Though the preamble of one act may appear to be directed against a particular evil, and though another act may be passed to aid its application, the provisions of the second act are not necessarily to be confined to the special purpose which seemed to be the particular object which the first had in view. Its own words must be considered as explaining and defining its objects and its meaning. It has been stated to be a general rule that the preamble may extend, but cannot restrain, the effect of the enacting clause. In a late English case it was held: “We are to give effect to the preamble to this extent, namely, that it shows us what the legislature was intending; and if the words of the enactment have a meaning which does not go beyond that preamble, or which may come up to the preamble, in either case we prefer that meaning to one showing an intention of the legislature which would not answer the purposes of the preamble or which would go beyond them. To that extent only is the preamble material.”3 We ought not to restrict a section in an act by the preamble where the section is not inconsistent with the spirit of the act. While an enactment is conclusive as to the facts it states against those who are within its operation, though not as to such as are not within its enacting part, a mere recital in a statute, either of fact or of law, is not conclusive. A court is at liberty to decide the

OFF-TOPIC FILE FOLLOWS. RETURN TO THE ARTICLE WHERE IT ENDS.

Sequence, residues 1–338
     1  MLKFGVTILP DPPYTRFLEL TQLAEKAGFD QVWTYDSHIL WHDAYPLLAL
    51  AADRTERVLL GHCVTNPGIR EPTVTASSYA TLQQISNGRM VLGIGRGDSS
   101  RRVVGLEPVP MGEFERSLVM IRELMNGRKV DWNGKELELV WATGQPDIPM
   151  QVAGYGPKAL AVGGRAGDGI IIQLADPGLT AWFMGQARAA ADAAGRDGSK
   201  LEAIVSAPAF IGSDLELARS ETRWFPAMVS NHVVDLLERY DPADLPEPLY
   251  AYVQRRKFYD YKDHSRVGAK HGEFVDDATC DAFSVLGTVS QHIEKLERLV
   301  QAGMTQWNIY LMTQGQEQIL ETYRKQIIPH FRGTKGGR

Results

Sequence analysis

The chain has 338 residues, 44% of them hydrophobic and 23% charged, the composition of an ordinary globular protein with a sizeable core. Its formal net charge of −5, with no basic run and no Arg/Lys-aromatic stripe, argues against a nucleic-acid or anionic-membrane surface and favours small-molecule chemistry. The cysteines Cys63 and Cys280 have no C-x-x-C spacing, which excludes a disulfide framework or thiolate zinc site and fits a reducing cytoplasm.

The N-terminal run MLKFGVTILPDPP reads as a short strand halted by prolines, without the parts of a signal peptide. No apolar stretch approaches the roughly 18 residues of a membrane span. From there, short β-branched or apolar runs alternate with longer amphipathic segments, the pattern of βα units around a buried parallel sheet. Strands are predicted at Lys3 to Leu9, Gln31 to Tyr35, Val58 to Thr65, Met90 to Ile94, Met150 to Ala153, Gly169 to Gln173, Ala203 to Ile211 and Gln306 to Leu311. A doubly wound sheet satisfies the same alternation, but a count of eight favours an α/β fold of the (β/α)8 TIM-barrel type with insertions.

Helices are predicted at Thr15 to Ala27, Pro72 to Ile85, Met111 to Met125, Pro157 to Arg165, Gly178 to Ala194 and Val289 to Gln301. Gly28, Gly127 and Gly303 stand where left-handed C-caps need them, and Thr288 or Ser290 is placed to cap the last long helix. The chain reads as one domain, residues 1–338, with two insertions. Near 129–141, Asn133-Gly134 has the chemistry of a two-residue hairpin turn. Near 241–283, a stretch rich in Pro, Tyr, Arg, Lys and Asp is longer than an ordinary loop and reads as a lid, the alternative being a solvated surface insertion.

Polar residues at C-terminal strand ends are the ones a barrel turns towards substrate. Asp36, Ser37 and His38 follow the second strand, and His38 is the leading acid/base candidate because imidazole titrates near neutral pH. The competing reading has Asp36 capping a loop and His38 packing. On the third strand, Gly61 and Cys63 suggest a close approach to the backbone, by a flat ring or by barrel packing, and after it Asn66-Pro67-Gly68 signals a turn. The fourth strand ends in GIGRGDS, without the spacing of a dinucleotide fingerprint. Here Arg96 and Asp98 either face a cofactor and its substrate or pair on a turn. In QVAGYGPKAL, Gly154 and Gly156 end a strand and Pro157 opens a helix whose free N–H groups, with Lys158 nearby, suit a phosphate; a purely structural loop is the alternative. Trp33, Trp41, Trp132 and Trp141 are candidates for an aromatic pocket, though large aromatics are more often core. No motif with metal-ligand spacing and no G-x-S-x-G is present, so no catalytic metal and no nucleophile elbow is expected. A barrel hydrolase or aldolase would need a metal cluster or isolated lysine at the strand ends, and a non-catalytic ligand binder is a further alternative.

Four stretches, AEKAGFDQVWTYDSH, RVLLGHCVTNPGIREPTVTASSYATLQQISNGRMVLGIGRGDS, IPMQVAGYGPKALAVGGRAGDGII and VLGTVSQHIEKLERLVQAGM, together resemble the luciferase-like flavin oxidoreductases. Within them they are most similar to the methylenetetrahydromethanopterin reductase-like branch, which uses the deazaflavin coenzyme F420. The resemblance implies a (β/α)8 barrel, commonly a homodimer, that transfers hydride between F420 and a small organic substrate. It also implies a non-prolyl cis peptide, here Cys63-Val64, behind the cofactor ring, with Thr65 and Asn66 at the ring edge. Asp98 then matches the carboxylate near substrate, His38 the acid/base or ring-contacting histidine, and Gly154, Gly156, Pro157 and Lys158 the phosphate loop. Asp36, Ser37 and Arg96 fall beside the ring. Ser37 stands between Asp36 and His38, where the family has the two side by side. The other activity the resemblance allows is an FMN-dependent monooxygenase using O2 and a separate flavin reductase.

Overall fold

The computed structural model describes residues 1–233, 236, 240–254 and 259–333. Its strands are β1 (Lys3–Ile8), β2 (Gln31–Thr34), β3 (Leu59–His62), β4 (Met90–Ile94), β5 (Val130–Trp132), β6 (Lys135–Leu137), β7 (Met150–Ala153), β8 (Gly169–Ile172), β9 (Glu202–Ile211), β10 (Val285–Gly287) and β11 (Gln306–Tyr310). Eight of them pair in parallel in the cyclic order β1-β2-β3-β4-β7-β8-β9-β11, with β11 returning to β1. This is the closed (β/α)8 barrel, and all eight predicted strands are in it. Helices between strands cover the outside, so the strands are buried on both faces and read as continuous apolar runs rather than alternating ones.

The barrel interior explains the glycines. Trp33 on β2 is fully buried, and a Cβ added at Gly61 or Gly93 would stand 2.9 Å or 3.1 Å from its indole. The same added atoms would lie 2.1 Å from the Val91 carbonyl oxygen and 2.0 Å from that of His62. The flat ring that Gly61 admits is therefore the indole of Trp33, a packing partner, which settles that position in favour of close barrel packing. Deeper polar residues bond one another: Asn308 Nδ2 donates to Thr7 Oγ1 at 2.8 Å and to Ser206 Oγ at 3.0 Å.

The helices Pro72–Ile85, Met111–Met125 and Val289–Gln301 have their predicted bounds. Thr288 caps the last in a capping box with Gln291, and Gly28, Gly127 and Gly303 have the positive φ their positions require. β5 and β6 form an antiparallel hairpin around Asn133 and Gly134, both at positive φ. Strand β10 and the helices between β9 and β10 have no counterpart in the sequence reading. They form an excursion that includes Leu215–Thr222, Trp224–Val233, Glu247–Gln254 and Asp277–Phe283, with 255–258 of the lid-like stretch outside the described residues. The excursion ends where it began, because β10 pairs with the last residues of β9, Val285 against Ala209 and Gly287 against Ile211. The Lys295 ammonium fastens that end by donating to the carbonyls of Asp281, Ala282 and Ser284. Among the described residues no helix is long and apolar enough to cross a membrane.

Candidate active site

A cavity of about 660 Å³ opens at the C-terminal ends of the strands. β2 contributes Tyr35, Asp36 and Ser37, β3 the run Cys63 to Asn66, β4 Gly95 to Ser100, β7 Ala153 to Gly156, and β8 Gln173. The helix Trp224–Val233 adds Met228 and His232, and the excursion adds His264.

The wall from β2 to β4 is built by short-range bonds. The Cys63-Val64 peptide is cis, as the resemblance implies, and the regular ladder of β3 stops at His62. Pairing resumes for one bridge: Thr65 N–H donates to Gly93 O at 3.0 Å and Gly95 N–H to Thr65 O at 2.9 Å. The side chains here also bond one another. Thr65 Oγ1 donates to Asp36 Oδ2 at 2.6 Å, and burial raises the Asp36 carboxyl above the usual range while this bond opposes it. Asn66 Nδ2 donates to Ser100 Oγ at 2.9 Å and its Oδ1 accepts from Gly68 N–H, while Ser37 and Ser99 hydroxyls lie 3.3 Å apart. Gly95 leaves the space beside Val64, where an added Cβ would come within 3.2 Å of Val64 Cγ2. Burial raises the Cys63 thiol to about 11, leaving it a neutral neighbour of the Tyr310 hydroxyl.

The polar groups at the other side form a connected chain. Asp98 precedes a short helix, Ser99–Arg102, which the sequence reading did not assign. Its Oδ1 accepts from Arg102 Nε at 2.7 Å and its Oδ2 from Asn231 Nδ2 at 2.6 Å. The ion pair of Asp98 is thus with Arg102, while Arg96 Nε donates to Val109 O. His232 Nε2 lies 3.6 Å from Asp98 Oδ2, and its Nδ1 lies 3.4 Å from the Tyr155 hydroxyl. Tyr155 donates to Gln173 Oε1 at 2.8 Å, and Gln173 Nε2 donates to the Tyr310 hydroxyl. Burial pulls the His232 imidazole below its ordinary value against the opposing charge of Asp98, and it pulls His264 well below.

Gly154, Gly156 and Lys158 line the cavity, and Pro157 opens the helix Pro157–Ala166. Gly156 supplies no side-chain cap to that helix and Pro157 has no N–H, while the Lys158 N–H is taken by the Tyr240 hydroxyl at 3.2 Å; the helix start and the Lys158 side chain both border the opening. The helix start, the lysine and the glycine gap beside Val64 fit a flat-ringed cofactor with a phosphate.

and clearly embracing, according to when it is not perceived that any mistheir natural and ordinary meaning, chief can be done, by giving effect any assignee, whether the assignor to the words in the body of the law, be dead, with or without an executor. according to their natural plain mean. or administration upon his estate, ing and import.” See Mayor, etc, v. they are not to be restricted to the re- Moore, 6 Harris & J. 375; Kent v. cital in the preamble. But effect is to Somervell, 7 Gill & J. 265. be given to the plain words of the 1 Copland v. Davies, L. R. 5 H. L. legislature expressed in the enacting Cas. 358. clause, as embracing not merely the 2 Kearns v. Cordwainers' Co. 6 C. B. subject of the recital in the pream- (N. S.) 388. ble, but extending beyond the recital, 3 Per Lord Blackburn, West Ham and embracing every other case com- Overseers v. lles, L. R. 8 App. Cas. prehended within their clear meaning, 386. without resorting to the preamble, 4 Sutton v. Sutton, L. R. 22 Ch. Div. for the purpose of restricting or con- 511. trolling them; no explanation of 5 See Edinburgh, etc. R. R. Co. v. their meaning or application being Linlithgow, 3 Macq. H. L. Cas. 704; required by any ambiguity in the Perry v. Newsom, 1 Ired. Eq. 28; body of the law. And particularly 3 Atk. 304; Cowp. 698.